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WIPO-UDRP Decision
D2014-0938

Case number
D2014-0938
Complainant
Williams-Sonoma, Inc.
Respondent
Zhao Jiafei
Panelist
Blackshaw, Ian
Status
Closed
Decision
Transfer
Date of Decision
17.07.2014

WIPO Arbitration and Mediation Center

ADMINISTRATIVE PANEL DECISION

Williams-Sonoma, Inc. v. Zhao Jiafei

Case No. D2014-0938

1. The Parties

The Complainant is Williams-Sonoma, Inc. of Wilmington, Delaware, United States of America (“US”) represented by Kilpatrick Townsend & Stockton LLP, US.

The Respondent is Zhao Jiafei of Huai’an, China.

2. The Domain Names and Registrar

The disputed domain names <potterybarn.info> and <williams-sonoma.info> are registered with GoDaddy.com, LLC (the “Registrar”).

3. Procedural History

The Complaint was filed with the WIPO Arbitration and Mediation Center (the “Center”) on June 4, 2014. On the same day, the Center transmitted by email to the Registrar a request for registrar verification in connection with the disputed domain names. Also on June 4, 2014, the Registrar transmitted by email to the Center its verification response confirming the Respondent as the registrant and providing contact details.

The Center verified that the Complaint satisfied the formal requirements of the Uniform Domain Name Dispute Resolution Policy (the “Policy” or “UDRP”), the Rules for Uniform Domain Name Dispute Resolution Policy (the “Rules”), and the WIPO Supplemental Rules for Uniform Domain Name Dispute Resolution Policy (the “Supplemental Rules”).

In accordance with the Rules, paragraphs 2(a) and 4(a), the Center formally notified the Respondent of the Complaint, and the proceeding commenced on June 17, 2014. In accordance with the Rules, paragraph 5(a), the due date for Response was July 7, 2014. The Respondent did not submit any response. Accordingly, the Center notified the Respondent’s default on July 9, 2014.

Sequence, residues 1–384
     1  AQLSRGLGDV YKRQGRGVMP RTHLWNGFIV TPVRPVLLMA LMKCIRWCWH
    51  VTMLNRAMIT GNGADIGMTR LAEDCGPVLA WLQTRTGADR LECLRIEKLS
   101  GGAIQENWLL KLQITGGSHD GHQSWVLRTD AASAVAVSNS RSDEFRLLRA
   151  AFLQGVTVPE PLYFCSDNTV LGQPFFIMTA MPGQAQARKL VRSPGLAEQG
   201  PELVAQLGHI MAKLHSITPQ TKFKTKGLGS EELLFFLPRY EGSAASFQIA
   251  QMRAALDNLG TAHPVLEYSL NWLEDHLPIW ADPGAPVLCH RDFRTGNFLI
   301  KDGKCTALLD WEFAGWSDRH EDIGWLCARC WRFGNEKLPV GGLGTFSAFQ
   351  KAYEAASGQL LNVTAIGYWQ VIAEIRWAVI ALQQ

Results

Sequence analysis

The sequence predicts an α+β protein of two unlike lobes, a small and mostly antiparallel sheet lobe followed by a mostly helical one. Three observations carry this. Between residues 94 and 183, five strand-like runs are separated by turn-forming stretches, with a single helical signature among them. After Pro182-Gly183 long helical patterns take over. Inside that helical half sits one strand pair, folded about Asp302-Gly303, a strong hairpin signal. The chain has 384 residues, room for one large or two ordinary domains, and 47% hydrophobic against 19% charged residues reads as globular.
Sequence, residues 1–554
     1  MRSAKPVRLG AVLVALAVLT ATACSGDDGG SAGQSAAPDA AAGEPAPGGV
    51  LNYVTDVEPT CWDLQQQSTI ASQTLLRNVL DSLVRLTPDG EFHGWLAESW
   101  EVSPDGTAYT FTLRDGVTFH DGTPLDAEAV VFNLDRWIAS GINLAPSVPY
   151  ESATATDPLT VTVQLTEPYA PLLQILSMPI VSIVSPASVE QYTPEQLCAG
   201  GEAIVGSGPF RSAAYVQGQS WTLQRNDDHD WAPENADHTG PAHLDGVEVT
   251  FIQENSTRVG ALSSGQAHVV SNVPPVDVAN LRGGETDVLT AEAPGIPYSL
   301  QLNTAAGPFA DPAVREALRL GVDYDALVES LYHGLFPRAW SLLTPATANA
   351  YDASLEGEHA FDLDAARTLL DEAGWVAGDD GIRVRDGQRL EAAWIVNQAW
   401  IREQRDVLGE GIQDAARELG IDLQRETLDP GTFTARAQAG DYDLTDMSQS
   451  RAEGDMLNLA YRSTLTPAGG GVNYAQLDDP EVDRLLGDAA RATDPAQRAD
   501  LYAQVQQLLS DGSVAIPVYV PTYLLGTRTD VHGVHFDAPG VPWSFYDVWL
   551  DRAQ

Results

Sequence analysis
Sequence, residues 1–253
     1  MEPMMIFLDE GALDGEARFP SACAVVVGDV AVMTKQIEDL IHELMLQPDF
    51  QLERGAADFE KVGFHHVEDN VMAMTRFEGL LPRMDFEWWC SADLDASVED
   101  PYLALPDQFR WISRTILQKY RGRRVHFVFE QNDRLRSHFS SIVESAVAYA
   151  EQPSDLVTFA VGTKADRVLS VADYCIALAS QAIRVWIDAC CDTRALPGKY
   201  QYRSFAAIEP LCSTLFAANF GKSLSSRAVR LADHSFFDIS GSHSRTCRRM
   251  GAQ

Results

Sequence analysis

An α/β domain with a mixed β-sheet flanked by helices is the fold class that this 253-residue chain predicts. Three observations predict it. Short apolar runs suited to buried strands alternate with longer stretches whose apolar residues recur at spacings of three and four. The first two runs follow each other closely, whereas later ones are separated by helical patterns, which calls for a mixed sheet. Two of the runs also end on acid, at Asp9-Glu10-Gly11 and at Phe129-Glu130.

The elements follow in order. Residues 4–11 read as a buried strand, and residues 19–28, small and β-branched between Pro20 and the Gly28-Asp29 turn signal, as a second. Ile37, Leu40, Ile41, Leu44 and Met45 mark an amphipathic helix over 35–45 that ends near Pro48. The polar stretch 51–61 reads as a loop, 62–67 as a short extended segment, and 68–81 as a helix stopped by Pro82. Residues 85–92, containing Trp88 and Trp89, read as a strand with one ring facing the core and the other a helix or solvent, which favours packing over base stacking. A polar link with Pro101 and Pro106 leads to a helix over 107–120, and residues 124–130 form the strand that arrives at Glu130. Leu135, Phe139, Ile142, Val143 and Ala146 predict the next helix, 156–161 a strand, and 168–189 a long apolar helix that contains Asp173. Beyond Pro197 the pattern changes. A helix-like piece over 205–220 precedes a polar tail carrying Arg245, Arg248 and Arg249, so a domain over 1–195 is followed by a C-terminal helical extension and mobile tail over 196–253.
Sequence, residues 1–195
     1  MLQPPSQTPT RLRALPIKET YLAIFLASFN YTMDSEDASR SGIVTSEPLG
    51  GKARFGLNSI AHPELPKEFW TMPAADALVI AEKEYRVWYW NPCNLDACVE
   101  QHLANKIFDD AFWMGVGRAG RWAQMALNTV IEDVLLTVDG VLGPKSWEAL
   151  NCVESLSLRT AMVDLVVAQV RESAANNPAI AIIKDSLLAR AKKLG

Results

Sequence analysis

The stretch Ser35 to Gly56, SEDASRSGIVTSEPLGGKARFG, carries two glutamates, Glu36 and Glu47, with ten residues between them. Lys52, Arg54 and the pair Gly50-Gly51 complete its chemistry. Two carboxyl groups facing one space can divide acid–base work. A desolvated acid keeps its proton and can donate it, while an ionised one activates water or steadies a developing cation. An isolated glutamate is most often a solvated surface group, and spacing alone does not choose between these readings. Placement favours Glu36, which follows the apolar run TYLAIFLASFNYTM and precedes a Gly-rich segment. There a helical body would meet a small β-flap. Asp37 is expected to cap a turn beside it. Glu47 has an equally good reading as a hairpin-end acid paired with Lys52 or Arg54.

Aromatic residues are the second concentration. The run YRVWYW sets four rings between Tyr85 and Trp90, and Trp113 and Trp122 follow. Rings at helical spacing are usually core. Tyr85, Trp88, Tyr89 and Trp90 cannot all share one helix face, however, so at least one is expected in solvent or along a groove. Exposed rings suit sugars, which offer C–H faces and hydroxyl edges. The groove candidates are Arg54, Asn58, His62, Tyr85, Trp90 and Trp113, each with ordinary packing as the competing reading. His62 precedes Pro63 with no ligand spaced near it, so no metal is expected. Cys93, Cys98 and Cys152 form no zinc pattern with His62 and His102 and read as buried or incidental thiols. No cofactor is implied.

The Center appointed Ian Blackshaw as the sole panelist in this matter on July 16, 2014. The Panel finds that it was properly constituted. The Panel has submitted the Statement of Acceptance and Declaration of Impartiality and Independence, as required by the Center to ensure compliance with the Rules, paragraph 7.

4. Factual Background

The Complainant is a premier specialty retailer of home and office furnishings and sells nationwide through retail stores, catalogs, and the Internet. The Complainant’s brands, including its “Pottery Barn” and “Williams Sonoma” lines of home furnishings, kitchen products, and textiles, are among the most successful brands in the industry.

From its beginnings in 1956 selling an array of products designed for consumers, the “Pottery Barn” and “Williams-Sonoma” brands have expanded to hundreds of stores worldwide; a direct mail business that distributes millions of catalogues annually; and highly successful e-commerce sites at “www.potterybarn.com” and “www.williams­sonoma.com”.

The brands have sold many millions of dollars’ worth of merchandise worldwide.

According to the Registrar, the disputed domain names <potterybarn.info> and <williams-sonoma.info> were registered in April 2014 and February 2014, respectively.

5. Parties’ Contentions

A. Complainant

The Complainant makes the following assertions:

(i) The disputed domain names are identical or confusingly similar to a trademark or service mark in which the Complainant has rights.

The Complainant is the exclusive owner of a US Trademark Registration for the famous POTTERY BARN and WILLIAMS-SONOMA Marks and also maintains various US Registrations for POTTERY BARN-formative Marks and WILLIAMS-SONOMA-formative Marks, such as those listed in the table below, all of which are valid, subsisting, and have been continuously used since on or before their first-use dates.

Mark

Country

Reg. No.

First Use/ Date Issued

POTTERY BARN

United States

2021077

At least as early as 1956

Issued December 3, 1996

THE POTTERY BARN

United States

0959383

At least as early as 1956

Issued May 22, 1973

THE POTTERY BARN